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  1. #1
    Jeff L's Avatar
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    Airport X Ray Scanners - Here we go again...

    I am reasonably convinced that the carry-on scanner affected my film. I have had film pass through many times with no effect. This last time the bag went in the X Ray, the guy looked at his screen, then started talking to his other buddies for several minutes with my bag inside. I developed a roll and there are a few red marks and reddish streaks here and there on the film. I would appreciate other opinions from those more knowledgable about X Ray than I am.
    Thanks.
    Jeff

  2. #2
    Athiril's Avatar
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    I'm pretty sure with the current stuff they just take their one normal exposure and that's it. Amplifying the image is just like using levels in Photoshop iirc. I don't think they pound more X-Rays through it.

    Someone correct me if wrong.

  3. #3
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    I'm under the same impression, and, that if the conveyor belt stops, the X-ray stops at the same time automatically. AFAIK, X-ray scanner is like a scanner as the name suggests, not like a video camera.

    Red color in final positive print strongly points towards light leak, I'm afraid. The X-ray damage is more neutral in color. Light leaks are usually red if they strike the film from the back side, exposing the bottom red-sensitive layer. Still, I wouldn't rule the x-ray completely out. Please show examples if you can scan your images!

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    See the problem is that Xray scanners in each airport vary so much, you can be dealing with one that that was installed in LAX last week or something that was installed 30 years ago in NOC in Ireland (Yep true) and each one will effect your film differently.

    But what hrst has said is true, xray damage is usually more of a 'fog' on the film as opposed to defined streaking.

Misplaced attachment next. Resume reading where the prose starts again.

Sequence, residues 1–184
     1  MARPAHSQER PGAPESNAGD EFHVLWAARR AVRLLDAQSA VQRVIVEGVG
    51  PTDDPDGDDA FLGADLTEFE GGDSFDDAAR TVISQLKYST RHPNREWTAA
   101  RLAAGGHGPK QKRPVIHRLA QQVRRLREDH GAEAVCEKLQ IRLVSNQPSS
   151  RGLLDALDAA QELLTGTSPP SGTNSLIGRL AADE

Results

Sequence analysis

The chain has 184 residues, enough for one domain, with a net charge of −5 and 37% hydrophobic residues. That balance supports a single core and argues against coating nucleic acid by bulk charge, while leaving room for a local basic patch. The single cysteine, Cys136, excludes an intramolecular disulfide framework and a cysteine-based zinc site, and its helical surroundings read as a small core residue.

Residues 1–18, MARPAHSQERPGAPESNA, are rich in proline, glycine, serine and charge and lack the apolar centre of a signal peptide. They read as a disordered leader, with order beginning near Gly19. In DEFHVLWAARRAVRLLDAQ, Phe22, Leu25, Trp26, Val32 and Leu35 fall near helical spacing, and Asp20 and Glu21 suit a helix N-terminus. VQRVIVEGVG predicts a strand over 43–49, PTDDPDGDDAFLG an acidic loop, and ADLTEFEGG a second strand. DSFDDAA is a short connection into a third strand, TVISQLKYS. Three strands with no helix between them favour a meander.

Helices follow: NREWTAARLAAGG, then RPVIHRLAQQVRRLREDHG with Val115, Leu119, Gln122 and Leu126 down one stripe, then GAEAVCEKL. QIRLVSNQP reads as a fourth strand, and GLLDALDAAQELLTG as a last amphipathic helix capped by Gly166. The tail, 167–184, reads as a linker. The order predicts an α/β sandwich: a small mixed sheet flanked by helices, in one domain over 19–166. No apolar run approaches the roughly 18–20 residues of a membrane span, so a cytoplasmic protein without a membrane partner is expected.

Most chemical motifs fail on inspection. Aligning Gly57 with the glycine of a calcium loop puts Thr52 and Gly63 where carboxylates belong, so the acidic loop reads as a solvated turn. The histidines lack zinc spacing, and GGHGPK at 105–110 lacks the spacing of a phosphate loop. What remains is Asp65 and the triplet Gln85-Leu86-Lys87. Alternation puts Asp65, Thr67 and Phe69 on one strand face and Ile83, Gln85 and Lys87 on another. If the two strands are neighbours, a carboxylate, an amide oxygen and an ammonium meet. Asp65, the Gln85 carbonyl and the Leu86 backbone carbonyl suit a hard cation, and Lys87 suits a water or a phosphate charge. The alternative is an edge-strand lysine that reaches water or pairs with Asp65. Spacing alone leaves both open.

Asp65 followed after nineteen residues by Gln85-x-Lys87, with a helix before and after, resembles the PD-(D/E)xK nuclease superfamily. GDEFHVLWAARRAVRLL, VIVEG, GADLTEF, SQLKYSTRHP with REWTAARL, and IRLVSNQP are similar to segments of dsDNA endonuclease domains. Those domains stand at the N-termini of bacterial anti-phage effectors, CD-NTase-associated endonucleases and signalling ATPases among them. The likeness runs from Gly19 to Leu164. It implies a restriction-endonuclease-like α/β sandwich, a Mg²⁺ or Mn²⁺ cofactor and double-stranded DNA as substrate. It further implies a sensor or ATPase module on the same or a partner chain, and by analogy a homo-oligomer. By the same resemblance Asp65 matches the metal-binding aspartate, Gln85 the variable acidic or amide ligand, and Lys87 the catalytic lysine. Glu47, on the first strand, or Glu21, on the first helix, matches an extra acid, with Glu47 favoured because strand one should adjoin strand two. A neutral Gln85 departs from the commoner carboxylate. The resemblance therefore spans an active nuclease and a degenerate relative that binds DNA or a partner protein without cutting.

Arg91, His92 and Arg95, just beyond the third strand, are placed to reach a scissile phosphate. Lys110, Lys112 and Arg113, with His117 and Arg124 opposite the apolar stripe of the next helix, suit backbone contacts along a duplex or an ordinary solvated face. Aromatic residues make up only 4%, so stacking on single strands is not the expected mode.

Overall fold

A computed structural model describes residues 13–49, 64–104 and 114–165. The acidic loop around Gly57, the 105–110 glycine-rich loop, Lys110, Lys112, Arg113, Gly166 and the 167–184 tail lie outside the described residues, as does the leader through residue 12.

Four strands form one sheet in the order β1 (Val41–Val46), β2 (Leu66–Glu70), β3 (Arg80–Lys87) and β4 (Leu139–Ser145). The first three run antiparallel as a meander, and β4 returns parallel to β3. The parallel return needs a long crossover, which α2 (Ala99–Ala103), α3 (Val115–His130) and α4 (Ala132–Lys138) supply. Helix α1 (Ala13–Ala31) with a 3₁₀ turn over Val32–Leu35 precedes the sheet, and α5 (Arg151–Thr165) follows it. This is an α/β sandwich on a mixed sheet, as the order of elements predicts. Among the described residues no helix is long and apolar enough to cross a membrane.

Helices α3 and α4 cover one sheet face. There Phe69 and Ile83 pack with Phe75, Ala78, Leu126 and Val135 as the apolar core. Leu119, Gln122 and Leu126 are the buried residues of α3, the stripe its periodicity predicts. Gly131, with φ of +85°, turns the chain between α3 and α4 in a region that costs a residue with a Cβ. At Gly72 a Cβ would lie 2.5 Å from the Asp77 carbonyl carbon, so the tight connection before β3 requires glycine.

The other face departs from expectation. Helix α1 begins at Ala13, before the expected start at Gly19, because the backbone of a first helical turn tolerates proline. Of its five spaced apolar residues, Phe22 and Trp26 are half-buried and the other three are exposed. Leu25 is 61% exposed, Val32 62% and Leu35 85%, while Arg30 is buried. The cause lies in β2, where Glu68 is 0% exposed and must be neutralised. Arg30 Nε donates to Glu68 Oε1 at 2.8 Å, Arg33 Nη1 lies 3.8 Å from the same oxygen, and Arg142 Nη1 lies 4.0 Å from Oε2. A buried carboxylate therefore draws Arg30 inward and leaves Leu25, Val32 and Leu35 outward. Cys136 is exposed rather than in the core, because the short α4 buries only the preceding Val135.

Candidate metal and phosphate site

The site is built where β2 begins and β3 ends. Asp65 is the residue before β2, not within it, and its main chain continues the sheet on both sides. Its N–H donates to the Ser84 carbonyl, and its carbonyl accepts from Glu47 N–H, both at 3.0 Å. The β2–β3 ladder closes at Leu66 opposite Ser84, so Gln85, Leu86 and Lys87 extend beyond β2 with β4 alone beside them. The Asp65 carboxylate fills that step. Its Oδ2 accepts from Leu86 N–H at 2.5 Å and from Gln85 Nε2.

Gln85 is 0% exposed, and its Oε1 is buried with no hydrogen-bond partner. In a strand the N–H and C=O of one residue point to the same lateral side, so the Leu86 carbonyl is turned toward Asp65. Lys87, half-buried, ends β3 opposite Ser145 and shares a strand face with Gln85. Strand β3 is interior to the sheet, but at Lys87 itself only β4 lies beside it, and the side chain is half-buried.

5. #5
    hrst's Avatar
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    JayGannon;

    No, there are two different kinds of X-ray damage; the even fogging as you describe which is harder to identify, and a defined streaking which is very easy to identify, especially with rolled-up film where the pattern can be very distinctive. For examples of the latter, see: http://motion.kodak.com/US/en/motion...tion/index.htm

    And yes, these different types are produced by different types of X-ray scanners...

  6. #6

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    Sorry yes I didn't explain properly, I was more alluding to the portions affected being fogged rather than heavily defined streaks, but the fogging can be defined.. if that makes sense?

    The fogging I've encountered would look like the 'Vertical Fog Exposure' on that Kodak document. (I love Kodaks documentation btw, they have something to describe pretty much everything)

    When traveling with equipment and film I generally fin that most places will give you a hand inspection if you show them proof that your a photographer, and ask nicely.

  7. #7
    hrst's Avatar
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    Oh yeah, "defined fogging" makes perfectly sense... They are clearly defined patterns, but the stripes are quite even in density and the density is not very high at any point... Light leaks, on the other hand, usually have a very hot spot, with radially decreasing density around it. Not always though but they seldom are as even-density as x-ray streaks.

    However, there really is also a variety of X-ray fogging which is a very consistent, even fog and increased graininess without distinct streaking... Kodak has examples for this type of damage, too; http://www.kodak.com/global/en/servi.../tib5201.shtml (see the "Examiner 3DX 6000" and elephant examples).

  8. #8

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    Yeah I probably have had that a few times but Im never sure if it was because of Xray or just me messing up my development! Its hard to know what the cause was without any definition to the fogging/defect.

  9. #9
    Jeff L's Avatar
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    Great info
    Thanks!



 

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